Artists had a similar life expectancy when compared to the elite, even though they belonged to the social middle class of that time in the Low Countries. Creative activities are known to enhance health via different mechanisms, such as reducing stress, lowering blood pressure and chronic inflammation. These mechanisms are all known to be involved in the ageing process. Hence, Leyden Academy on Vitality and Ageing and the Netherlands Interdisciplinary Demographic Institute studied the historical life expectancy of various groups of artists in the Low Countries to test whether they enjoyed an increased life expectancy. They compared the life expectancy of more than 12,000 composers, writers, poets, sculptors and painters born between 1700 and 1900, to the elite of that time in the Low Countries (the Netherlands and Belgium of today).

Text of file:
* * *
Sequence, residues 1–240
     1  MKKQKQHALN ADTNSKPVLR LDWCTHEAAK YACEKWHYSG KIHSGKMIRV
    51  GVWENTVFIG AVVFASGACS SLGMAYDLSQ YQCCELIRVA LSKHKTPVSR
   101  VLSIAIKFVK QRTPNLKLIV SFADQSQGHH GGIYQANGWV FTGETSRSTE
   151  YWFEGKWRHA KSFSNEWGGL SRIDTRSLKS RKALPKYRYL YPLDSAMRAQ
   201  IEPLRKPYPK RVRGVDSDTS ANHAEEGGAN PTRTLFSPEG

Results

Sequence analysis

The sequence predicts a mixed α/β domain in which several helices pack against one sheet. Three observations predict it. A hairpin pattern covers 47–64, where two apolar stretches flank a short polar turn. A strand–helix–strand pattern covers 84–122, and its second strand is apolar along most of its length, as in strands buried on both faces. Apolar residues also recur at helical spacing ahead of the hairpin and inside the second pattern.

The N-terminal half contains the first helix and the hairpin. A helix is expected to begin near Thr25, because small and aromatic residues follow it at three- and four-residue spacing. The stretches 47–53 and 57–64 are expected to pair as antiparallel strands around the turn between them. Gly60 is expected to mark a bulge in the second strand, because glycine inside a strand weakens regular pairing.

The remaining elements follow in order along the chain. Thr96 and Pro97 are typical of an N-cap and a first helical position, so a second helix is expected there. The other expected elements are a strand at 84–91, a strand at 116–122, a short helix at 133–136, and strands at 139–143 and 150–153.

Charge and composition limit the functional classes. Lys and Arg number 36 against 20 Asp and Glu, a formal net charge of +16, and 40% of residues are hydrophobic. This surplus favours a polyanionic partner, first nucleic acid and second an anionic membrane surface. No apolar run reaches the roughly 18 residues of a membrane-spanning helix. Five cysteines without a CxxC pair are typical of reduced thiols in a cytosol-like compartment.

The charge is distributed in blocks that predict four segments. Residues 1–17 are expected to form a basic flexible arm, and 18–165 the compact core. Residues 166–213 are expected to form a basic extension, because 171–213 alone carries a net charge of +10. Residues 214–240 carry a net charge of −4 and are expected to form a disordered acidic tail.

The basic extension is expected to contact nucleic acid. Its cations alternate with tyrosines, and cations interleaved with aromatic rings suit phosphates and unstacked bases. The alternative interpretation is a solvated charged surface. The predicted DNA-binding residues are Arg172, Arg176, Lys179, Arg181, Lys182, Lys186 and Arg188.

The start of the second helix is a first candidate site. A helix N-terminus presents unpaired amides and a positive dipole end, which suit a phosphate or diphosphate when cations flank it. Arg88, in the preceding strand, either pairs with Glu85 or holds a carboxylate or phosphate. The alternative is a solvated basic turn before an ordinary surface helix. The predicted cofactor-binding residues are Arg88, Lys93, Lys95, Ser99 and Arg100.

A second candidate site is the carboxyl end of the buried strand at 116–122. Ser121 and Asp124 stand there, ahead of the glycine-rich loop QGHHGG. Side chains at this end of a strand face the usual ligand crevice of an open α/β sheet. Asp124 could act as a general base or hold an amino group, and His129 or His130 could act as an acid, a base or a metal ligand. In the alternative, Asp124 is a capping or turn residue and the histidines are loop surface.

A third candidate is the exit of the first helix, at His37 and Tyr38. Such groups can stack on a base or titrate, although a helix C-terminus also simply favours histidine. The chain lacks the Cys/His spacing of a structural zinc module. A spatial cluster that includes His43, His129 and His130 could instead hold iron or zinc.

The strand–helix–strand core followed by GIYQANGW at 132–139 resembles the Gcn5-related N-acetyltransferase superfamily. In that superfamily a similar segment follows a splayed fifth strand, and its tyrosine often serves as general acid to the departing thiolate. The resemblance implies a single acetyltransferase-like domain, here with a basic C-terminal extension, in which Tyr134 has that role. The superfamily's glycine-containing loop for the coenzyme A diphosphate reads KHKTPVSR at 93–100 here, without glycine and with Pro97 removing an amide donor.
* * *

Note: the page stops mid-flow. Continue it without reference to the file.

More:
Artists born before 1850 had a similar life expectancy at age 50 when compared to the elite of that time. Only painters had a lower life expectancy than the elite, which is most likely due to their exposure to toxic materials.
From 1850 onwards, composers and writers had a lower life expectancy when compared to the elite. However, painters now enjoyed a similar life expectancy as the elite. The reversed observations for artists born after 1850 could result from changes in the living environment during that time.
The results were published in PLOS ONE on January 8th. Click here for the article.
Fereshta Mirzada, Anouk S Schimberg, Frouke M Engelaer, Govert E Bijwaard, David van Bodegom, Rudi GJ Westendorp en Frans WA van Poppel. Arts and ageing; life expectancy of historical artists in the Low Countries.